This is in memory of my mother, my father and my sister. I miss all three and I love them and they love me. Today is the day my mother died. The longer we live, the more days are days when someone that we love died. But they are still here. They are in the rocks and the sky and the trees and the coffee cup. They are not in sugary donuts or foods that cause heart attacks. But they are all around us, cradle us, still love us. Joy to you and the memories of your loved ones who have gone on. Blessings.

Qia and the liars

Qia is in her first year of college, 1200 miles from home. She joins the ski team, hoping to ski. There really aren’t mountains in Wisconsin. They are hills. She doesn’t have a car so she has to get rides to the ski hill. She does get demo skis, because she is on the team. It’s mostly guys, a few women. The guys chug a beer at the top of each run. The runs are ice after the first time down. It is very poorly lit and very cold. Qia is afraid of the ice and the guys and the drinking.

At Christmas she goes home, to Virginia. She really wants ski pants, she tells her mother. She is cold. She is still skiing in spite of the drinking and the scary guys and the ice. They yell at her to go faster but she goes the speed where she will not die. It doesn’t matter anyhow. She goes to a formal race and they have three foot tall trophies for the boys and nothing, not even a ribbon, for the women.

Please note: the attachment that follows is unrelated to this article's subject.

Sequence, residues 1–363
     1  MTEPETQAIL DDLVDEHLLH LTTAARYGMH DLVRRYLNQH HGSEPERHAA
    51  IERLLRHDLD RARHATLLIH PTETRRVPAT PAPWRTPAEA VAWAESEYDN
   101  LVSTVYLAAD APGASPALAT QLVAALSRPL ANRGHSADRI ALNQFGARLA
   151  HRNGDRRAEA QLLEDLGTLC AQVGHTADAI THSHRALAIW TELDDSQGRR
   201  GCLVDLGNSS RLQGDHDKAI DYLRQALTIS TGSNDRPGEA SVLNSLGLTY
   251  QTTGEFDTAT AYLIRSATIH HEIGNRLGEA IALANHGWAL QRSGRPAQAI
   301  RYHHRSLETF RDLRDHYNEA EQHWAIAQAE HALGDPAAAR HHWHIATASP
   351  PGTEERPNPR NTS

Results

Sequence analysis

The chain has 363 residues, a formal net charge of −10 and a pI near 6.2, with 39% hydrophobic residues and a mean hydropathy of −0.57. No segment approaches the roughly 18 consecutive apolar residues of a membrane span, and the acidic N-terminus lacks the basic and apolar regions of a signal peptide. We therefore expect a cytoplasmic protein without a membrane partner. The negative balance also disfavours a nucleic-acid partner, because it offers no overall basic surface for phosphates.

At home, her father is laughing. He is giggling, silly. He doesn’t make any sense. He gives Qia the creeps. Her mother sails along like nothing is wrong. Qia’s little sister has gone from the extroverted life of the party to locked down so hard that her eyes are stones. Fungk, thinks Qia.

Her father loses his down jacket, leaving it somewhere. Then he borrows her mothers and loses it too. Qia’s sister has out grown hers. On Christmas morning there are two down jackets and a pair of ski pants.

The ski pants are two sizes too small. Her father laughs. The down jackets are the ugliest colors, cheaply made, junk. Qia watches her mother and sister try to smile.

Qia leaves the ski pants and returns to Wisconsin. She gets a spider bite. It spreads. She goes to the doctor. He gives a laugh of relief and says it is shingles. He has to explain what shingles is. “It either means you are very run down or have severe stress.” Qia laughs. Worst Christmas of her life so far.

She realizes the problem. Her father has been abducted by fairies and a changeling put in his place. She reads everything she can find about changelings. Adult changelings are rare but not unknown. She pulls out every stop on top of her heavy schedule to learn about how to fight fairies. She can’t afford to hire a fighter. She finds an iron sword at a second hand shop. She hangs around the gyms and watches the fairy fighters fight. She goes home and practices every move. She collects herbs.

She sets things up before spring break. She arrives home and asks her mother and sister to go with her to a specialist in changelings and fighting fairies. Qia is sad but confident. Her mother and sister both cry after watching the movie about the behavior of changelings. Qia asks her mother and sister to help her.

They both refuse.

Qia can’t understand it. But she has studied and read the books. She will do it alone.